Similar to QR codes suddenly finding themselves during 2020, thermal cameras also stepped into the spotlight. The Honeywell ThermoRebellion uses infrared imaging and artificial intelligence to read body temperature in seconds, efficiently screening visitors for elevated skin temperatures, which can be a potential COVID-19 indicator. This is extremely helpful at entry points into high-traffic places like airports, factories and distribution centers, to manage spread. The technology was deployed to JFK airport in November, and following a positive experience has expanded to Boston Logan International Airport.
VR gaming inched closer to the mainstream thanks to last October’s release of the Oculus Quest 2. And it couldn’t have appeared at a better time, allowing us to travel to different countries, explore museums, and fight zombies from home — wirelessly, at a more affordable price than earlier models. The Facebook-owned company also released a set of accessibility virtual reality checks (VRCs), which are recommendations to help other companies create inclusive VR software.
The pandemic reminded us of global health and safety inequities, but it also resparked the need for solutions. The best way to prevent the spread of COVID-19 is keeping our hands clean, but 40% of the world’s population doesn’t have access to handwashing facilities with soap and water at home. SATO Tap is an affordable handwashing station that can be used anywhere in the home, even without running water. It’s designed for minimal contact, so it can be shared with multiple people.
Building community around a shared listening experience felt especially poignant during such an uncertain time, as though gathering around a virtual campfire. Clubhouse launched in March 2020 as an invite-only audio app featuring live discussions in “rooms” based on a specific topic. Twitter Spaces launched a competitive product in November, and both platforms were met with controversy around privacy and safety. As each app continues to iterate, and the world reopens, it will be interesting to see how user engagement shifts and if anyone’s still listening.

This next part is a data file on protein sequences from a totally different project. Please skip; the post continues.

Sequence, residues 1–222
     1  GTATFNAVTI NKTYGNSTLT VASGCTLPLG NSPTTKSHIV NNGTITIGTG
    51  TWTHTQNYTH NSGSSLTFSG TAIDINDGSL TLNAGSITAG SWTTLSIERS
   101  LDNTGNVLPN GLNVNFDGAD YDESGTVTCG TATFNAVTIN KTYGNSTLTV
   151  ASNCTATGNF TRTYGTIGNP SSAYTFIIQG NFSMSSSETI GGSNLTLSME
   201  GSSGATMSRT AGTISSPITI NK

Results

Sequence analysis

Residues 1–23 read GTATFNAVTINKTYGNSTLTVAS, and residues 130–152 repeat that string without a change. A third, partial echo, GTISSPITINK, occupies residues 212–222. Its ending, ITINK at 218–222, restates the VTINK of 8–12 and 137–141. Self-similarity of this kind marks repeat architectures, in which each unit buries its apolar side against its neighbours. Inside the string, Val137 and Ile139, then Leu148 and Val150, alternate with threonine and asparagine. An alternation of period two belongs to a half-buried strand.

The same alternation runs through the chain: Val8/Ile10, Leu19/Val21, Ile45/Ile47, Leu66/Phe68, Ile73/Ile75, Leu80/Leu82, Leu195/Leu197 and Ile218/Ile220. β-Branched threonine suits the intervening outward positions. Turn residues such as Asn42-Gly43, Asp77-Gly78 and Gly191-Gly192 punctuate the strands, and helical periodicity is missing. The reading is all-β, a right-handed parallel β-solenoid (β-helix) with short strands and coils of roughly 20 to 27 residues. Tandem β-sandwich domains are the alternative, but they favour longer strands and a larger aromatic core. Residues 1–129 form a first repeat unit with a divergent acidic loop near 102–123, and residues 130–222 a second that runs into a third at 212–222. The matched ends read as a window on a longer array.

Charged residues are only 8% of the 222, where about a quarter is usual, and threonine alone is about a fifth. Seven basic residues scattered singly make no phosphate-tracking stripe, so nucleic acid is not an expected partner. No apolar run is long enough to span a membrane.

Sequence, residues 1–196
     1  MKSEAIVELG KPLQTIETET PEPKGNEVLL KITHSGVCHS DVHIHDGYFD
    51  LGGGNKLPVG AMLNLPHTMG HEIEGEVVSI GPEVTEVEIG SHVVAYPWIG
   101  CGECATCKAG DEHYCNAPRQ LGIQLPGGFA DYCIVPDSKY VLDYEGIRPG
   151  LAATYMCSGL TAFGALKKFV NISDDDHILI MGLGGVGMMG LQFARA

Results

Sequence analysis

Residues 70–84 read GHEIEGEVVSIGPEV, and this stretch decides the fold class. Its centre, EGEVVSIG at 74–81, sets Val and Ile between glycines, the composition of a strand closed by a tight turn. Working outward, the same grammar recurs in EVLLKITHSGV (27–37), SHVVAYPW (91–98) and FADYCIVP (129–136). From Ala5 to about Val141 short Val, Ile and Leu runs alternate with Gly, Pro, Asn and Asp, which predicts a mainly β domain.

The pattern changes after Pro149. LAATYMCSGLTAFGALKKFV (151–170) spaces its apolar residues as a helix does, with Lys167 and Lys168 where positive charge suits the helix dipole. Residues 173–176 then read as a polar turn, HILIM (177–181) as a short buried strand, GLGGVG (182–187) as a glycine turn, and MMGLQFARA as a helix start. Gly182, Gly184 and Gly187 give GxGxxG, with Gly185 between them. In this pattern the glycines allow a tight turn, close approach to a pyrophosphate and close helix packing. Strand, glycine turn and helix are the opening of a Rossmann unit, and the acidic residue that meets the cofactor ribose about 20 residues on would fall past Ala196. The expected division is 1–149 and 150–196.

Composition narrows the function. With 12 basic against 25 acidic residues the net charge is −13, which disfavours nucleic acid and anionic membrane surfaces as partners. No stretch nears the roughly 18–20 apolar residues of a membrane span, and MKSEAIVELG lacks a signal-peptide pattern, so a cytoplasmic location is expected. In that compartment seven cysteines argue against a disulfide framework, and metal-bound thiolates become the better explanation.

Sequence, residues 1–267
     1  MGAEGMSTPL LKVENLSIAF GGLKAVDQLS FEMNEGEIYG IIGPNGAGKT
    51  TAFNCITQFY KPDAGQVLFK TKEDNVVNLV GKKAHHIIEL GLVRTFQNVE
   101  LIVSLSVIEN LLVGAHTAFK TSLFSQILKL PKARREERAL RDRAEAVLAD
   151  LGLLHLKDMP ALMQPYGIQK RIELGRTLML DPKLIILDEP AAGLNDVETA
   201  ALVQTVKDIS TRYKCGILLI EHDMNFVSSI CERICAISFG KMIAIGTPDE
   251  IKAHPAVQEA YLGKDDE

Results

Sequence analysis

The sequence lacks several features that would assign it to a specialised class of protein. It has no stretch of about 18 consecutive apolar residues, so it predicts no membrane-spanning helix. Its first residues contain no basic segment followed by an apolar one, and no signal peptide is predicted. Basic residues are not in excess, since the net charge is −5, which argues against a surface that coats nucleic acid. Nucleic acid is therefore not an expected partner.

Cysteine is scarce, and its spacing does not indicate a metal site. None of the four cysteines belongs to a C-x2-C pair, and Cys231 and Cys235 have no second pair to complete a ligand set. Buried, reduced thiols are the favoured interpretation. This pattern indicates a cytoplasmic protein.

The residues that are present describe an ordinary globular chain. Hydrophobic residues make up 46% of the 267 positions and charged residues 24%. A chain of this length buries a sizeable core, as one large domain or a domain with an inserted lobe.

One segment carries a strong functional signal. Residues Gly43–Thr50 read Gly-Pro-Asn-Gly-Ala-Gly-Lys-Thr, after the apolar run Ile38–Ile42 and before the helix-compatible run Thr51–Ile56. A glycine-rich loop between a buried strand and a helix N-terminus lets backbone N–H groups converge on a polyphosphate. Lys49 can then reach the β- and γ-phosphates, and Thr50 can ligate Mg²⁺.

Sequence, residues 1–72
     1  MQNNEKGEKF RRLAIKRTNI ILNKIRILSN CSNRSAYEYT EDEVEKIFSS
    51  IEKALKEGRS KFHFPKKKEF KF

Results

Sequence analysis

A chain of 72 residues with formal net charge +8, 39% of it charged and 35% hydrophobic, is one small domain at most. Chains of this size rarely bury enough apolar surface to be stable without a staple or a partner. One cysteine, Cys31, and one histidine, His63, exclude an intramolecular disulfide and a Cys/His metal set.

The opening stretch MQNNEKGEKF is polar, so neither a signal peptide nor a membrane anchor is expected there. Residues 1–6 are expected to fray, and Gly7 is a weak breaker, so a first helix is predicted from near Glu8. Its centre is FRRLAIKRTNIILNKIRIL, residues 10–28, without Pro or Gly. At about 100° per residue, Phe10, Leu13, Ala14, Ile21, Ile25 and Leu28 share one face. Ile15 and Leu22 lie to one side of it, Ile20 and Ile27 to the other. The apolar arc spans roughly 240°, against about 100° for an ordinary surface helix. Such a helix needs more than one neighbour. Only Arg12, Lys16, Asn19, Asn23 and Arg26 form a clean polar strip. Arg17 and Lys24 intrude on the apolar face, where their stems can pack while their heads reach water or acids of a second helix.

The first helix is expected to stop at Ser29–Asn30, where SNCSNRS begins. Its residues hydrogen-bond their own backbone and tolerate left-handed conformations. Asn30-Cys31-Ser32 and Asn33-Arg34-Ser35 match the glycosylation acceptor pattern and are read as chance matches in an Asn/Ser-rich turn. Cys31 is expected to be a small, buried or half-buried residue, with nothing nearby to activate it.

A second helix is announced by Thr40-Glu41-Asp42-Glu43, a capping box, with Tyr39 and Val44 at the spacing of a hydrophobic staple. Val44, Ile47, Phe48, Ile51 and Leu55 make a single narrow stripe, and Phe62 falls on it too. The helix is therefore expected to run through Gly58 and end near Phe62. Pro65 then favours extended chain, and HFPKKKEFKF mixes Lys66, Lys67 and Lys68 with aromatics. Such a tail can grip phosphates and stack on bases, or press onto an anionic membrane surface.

We couldn’t end this list without mentioning Subdial, a digital product we invented and developed ourselves. Last summer, we all saw how police intervention escalates situations rather than alleviating them. In fact, 80% of 911 calls don’t warrant a police response. Our team put heads together to develop an alternative to dialing 911, for situations that are best handled by other types of help. Subdial is just that. It’s a free mobile app to make it easier to find the most appropriate form of help for incidents involving mental health, domestic disturbances, homelessness, and more.
2020 offered fertile testing ground across a wide range of situations and scenarios, from the lighthearted to the life-saving. As we noted, the most innovative aspect of technology can lie in discovering new ways to use it. We’ll likely be learning about ways the pandemic accelerated innovation, for years to come.